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Medline ® Abstract for Reference 93

of 'Surgical and endovascular repair of blunt thoracic aortic injury'

93
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Minimal aortic injury: a lesion associated with advancing diagnostic techniques.
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Malhotra AK, Fabian TC, Croce MA, Weiman DS, Gavant ML, Pate JW
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J Trauma. 2001;51(6):1042.
 
BACKGROUND: With the increasing use of high-resolution diagnostic techniques, minimal aortic injuries (MAI) are being recognized more frequently. Recently, we have used nonoperative therapy as definitive treatment for patients with MAI. The current study examines our institutional experience with these patients from July 1994 to June 2000.
METHODS: All patients suspected of blunt aortic injury (BAI) by screening helical CT (HCT) underwent confirmatory aortography with or without intravascular ultrasound (IVUS). MAI was defined as a small (<1 cm) intimal flap with minimal to no periaortic hematoma.
RESULTS: Of the 15,000 patients evaluated by screening HCT, 198 (1.3%) were suspected of having BAI. BAI was confirmed in 87 (44%), and 9 (10%) of these had MAI. The initial aortogram was considered normal in five of the MAI patients. The correct diagnosis was made by IVUS (four patients), and video angiography (one patient). One MAI patient had surgery, and two (22%) died of causes not related to the aortic injury. Follow-up studies were done on the six MAI patients that were discharged. In two, the flap had completely resolved, and in one it remained stable. The remaining three patients formed small pseudoaneurysms.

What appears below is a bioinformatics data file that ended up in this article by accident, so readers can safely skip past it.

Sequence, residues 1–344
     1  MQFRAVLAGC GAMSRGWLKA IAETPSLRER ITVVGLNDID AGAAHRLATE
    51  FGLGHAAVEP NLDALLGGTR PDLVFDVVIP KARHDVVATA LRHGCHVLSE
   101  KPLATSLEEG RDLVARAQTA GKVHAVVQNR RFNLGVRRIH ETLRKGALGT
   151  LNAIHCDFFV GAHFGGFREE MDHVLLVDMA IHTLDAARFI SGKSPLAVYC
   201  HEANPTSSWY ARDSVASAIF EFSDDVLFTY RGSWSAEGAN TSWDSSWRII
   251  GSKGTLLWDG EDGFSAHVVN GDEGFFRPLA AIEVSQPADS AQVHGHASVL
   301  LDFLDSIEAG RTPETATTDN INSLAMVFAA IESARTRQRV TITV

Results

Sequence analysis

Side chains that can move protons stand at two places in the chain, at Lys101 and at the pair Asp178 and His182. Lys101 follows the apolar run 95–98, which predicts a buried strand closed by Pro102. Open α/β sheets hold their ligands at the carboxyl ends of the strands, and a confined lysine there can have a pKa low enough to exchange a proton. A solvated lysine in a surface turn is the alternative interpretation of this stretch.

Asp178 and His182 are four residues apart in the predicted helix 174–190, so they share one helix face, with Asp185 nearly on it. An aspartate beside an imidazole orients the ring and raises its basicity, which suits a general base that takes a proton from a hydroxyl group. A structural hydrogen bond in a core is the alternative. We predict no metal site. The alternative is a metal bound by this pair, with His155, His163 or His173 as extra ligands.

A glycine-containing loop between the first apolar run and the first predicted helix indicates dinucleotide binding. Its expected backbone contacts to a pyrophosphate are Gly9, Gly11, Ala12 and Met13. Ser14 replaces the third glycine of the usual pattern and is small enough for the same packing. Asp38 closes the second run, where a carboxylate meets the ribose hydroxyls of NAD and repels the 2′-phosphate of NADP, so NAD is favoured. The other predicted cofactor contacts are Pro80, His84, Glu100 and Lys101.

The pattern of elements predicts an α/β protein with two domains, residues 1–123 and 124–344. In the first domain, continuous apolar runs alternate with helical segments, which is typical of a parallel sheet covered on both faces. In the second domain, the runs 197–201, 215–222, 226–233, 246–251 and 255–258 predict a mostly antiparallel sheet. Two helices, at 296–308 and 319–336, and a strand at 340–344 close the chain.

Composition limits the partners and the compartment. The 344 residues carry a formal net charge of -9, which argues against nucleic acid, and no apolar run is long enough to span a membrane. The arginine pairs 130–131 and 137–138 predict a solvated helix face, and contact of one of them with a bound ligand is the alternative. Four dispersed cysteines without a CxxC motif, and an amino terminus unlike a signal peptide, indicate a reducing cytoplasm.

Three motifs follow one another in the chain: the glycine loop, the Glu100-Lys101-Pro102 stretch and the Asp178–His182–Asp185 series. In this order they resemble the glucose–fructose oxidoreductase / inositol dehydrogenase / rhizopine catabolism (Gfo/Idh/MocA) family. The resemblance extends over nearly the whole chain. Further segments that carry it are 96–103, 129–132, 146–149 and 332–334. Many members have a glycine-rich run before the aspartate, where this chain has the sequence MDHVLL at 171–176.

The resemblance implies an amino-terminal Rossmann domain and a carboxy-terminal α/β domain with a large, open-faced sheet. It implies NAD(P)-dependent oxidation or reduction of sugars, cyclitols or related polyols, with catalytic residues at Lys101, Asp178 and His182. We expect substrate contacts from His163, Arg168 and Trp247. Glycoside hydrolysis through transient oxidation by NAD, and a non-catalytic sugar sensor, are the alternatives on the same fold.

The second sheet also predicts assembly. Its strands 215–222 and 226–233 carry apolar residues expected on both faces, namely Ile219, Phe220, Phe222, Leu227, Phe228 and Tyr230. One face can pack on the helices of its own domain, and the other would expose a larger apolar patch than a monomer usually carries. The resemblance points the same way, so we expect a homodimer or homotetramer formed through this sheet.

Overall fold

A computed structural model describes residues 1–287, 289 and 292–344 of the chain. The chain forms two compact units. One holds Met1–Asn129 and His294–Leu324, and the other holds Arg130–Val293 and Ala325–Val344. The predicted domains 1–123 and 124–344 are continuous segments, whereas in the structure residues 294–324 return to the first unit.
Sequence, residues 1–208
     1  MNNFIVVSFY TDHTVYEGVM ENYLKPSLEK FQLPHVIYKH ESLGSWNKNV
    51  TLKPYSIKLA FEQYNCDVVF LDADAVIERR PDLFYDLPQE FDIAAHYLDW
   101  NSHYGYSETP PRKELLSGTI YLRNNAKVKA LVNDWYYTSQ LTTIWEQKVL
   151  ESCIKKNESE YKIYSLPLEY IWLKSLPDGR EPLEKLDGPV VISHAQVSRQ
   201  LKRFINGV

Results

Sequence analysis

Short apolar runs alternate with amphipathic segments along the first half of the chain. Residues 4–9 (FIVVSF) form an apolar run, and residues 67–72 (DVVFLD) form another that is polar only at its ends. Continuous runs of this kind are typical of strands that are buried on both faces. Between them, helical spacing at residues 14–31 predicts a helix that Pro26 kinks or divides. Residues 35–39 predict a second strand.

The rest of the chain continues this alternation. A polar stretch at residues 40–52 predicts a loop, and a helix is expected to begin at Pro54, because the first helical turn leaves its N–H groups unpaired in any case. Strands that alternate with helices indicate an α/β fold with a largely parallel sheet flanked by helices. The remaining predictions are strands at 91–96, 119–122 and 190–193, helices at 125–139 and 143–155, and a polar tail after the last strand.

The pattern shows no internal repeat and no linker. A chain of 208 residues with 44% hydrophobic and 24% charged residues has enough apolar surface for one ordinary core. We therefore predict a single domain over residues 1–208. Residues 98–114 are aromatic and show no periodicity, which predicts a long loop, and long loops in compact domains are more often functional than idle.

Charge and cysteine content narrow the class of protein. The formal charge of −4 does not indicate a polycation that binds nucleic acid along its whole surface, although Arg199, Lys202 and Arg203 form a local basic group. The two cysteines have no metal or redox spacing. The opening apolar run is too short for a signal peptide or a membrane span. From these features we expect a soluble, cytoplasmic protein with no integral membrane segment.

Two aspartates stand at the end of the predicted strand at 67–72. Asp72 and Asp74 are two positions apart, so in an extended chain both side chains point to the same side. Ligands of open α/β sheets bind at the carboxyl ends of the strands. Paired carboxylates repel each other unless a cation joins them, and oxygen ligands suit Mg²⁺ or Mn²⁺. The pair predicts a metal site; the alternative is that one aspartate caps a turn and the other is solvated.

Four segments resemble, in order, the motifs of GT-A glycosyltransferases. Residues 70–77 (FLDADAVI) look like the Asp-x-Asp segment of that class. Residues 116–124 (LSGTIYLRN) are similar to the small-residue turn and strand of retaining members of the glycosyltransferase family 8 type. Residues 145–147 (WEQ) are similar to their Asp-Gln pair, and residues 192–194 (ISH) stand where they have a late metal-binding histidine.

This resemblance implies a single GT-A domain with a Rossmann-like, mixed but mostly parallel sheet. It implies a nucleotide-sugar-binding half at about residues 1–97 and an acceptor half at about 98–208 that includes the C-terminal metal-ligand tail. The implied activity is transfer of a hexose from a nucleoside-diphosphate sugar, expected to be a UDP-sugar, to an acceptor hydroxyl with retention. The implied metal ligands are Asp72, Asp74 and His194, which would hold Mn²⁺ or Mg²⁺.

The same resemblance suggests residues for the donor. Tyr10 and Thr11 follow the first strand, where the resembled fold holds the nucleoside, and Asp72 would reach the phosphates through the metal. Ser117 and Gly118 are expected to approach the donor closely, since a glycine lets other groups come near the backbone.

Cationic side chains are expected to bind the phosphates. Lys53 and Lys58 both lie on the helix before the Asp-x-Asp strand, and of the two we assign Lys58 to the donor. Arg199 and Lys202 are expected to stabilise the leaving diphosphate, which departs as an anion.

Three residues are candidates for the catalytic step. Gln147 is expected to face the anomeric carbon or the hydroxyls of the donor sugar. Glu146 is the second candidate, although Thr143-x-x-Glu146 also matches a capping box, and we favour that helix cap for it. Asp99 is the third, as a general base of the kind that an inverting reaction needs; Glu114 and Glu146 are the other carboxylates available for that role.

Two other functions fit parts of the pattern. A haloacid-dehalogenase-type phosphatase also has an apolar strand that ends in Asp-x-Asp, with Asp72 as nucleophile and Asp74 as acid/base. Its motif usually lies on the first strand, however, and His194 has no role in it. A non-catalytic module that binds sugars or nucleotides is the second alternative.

CONCLUSION: Ten percent of BAI diagnosed with high resolution techniques have MAI. These intimal injuries heal spontaneously and hence may be managed nonoperatively. However, the long-term natural history of these injuries is not known, and hence caution should be exercised in using this form of treatment.
AD
Department of Surgery, University of Tennessee Health Science Center, Memphis, Tennessee, USA. akmalhot@hsc.vcu.edu
PMID